When someone starts selling a car that gets better than 200 mpg for $24,000, I will be down at my local dealer with cash in hand, ready to buy. Hope it’s soon!

Source: Gas2. Reprinted with permission.

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writes about the interface between technology and sustainability from his home in Rhode Island. You can follow him on Google + and on Twitter.

  • This would be awesome! I also hope they make an EV version – with a Leaf battery pack, I’ll bet this car would have ~120-140 miles. The Cd is better than anything this side of the XL1.

    Please do build it, Renault / Nissan! Please?

    • Joseph Dubeau

      Renault works with LG on battery technology.
      And Renault makes the Twizy.

      • Renault and Nissan are owned by the same people. Carlos Ghosn is CEO of both companies, I think.

        • Larmion

          They’re not exactly owned by the same people. In the 90’s, but carmakers needed to scale up but couldn’t afford to do expensive take-overs.

          They came up with a curious arrangement where the respective shareholders acquired some shares in each other and both companies share some technology and parts. It’s something more than a joint-venture but less than a merger. Both companies remain seperate entities that could split cleanly in an instant if they would want to.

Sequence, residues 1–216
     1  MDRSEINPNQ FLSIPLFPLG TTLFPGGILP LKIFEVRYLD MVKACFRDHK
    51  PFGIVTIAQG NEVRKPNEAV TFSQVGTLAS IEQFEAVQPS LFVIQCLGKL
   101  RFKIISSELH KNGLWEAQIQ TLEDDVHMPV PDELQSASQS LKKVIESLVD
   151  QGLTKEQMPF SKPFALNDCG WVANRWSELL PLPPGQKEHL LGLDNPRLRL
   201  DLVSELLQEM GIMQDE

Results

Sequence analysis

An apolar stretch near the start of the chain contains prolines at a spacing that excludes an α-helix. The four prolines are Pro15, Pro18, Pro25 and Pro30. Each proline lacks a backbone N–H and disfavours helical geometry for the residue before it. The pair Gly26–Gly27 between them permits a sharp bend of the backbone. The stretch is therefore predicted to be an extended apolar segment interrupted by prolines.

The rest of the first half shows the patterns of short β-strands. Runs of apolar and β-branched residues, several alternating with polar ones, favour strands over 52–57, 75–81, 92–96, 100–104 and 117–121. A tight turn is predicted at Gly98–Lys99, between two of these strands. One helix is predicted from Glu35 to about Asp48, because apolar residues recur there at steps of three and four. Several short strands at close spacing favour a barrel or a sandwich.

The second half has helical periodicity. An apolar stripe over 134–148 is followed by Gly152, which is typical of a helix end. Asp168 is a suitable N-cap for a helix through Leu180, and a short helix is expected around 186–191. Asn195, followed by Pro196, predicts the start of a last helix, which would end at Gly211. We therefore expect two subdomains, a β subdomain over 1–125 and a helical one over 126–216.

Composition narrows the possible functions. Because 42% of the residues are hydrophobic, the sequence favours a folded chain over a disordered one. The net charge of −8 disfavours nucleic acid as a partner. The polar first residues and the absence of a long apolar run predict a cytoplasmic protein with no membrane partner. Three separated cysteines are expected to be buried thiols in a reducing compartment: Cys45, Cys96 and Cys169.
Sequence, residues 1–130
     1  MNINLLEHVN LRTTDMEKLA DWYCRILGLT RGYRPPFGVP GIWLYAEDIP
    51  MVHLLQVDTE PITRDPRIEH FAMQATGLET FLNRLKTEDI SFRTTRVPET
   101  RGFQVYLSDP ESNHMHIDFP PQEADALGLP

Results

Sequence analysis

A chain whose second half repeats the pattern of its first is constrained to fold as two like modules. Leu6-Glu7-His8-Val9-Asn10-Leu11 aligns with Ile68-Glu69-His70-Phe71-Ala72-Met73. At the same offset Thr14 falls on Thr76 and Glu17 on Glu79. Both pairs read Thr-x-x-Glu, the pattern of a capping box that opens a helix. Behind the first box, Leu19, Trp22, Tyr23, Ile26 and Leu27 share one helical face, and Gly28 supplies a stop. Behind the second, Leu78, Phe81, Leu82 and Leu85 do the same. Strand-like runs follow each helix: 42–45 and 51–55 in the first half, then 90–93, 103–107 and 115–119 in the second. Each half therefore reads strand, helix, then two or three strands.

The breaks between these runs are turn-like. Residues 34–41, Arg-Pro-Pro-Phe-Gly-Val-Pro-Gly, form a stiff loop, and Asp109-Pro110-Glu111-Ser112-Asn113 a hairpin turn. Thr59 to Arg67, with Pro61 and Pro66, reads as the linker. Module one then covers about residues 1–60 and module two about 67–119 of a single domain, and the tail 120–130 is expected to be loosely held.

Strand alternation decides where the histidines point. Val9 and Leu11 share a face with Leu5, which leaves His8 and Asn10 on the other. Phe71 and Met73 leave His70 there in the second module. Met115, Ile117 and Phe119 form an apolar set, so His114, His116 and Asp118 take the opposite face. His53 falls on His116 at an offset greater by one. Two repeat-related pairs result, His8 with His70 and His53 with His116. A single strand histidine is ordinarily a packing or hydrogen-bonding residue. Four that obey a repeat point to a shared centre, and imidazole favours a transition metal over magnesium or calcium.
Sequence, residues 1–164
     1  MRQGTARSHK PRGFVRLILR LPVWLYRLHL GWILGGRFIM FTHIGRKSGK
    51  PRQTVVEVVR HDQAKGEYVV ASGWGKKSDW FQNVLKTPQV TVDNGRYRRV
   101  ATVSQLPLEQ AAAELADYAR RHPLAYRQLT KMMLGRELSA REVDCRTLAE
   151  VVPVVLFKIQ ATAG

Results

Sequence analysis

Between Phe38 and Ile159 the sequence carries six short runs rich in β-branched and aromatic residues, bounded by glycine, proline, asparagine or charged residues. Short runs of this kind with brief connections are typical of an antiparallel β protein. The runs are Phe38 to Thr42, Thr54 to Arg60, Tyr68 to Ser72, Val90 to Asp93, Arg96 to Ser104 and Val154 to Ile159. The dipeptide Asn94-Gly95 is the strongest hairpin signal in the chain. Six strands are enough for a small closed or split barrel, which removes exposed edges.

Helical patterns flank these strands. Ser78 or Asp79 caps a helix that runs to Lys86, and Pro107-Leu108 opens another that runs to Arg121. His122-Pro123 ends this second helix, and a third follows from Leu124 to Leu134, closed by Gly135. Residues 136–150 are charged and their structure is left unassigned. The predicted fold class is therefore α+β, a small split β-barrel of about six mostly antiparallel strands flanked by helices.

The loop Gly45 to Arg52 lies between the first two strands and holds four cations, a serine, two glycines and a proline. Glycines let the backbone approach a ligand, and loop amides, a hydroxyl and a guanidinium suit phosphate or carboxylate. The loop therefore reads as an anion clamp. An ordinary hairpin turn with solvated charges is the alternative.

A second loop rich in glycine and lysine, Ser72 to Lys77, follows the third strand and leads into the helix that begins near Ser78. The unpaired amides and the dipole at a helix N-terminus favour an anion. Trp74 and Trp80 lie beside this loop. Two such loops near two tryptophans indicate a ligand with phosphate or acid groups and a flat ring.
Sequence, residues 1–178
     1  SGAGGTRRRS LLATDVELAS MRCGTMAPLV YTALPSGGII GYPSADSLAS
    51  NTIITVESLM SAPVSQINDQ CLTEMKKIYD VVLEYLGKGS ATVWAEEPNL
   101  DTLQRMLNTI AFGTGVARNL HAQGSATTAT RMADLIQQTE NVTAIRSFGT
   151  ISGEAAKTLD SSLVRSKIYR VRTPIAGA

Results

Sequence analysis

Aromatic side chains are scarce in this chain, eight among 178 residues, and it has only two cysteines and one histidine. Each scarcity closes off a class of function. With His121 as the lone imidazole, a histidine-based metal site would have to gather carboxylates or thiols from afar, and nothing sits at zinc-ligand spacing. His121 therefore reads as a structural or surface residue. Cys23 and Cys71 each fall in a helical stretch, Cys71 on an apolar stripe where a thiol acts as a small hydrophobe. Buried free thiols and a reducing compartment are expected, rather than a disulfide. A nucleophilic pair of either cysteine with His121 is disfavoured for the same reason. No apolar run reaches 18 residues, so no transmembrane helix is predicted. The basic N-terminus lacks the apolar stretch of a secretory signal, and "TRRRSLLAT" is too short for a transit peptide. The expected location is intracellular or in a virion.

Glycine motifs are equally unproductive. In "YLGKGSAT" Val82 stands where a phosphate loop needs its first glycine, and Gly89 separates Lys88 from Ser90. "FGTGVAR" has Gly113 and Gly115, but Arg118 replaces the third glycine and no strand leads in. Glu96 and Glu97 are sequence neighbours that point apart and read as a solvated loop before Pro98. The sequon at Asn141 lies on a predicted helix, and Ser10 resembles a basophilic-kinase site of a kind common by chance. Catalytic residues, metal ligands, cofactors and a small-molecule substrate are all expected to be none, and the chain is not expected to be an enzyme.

• Thanks for the clarification. I hope that Renault shares the aero design of the Eolab with Nissan. They do share their EV tech and batteries.

            A low drag EV could negate the need for a plugin hybrid.

      • Joseph Dubeau

        The Twizy is around half the price of the Eolab.
        As prices of LG battery pack come down in price, they should be to make the all electric Eolab with 120-140 range at the same price.

  • Miles

    “When someone starts selling a car that gets better than 200 mpg for $24,000, I will be down at my local dealer with cash in hand, ready to buy”.


  • Matt

    Let me translate for you. “Don’t buy a EV, because in no time we will have a 250 MPG car for you”. Or maybe that is “because at time will we have”

    • Uri Naor

      i agree
      they for 7 times more efficiency with a heavy car that doesnt have anything new/exotic in it. so what all the other manufacturers are either dumb or being paid by exxon to produce gas consuming cars. heck it doesnt even look different

    • Ronald Brakels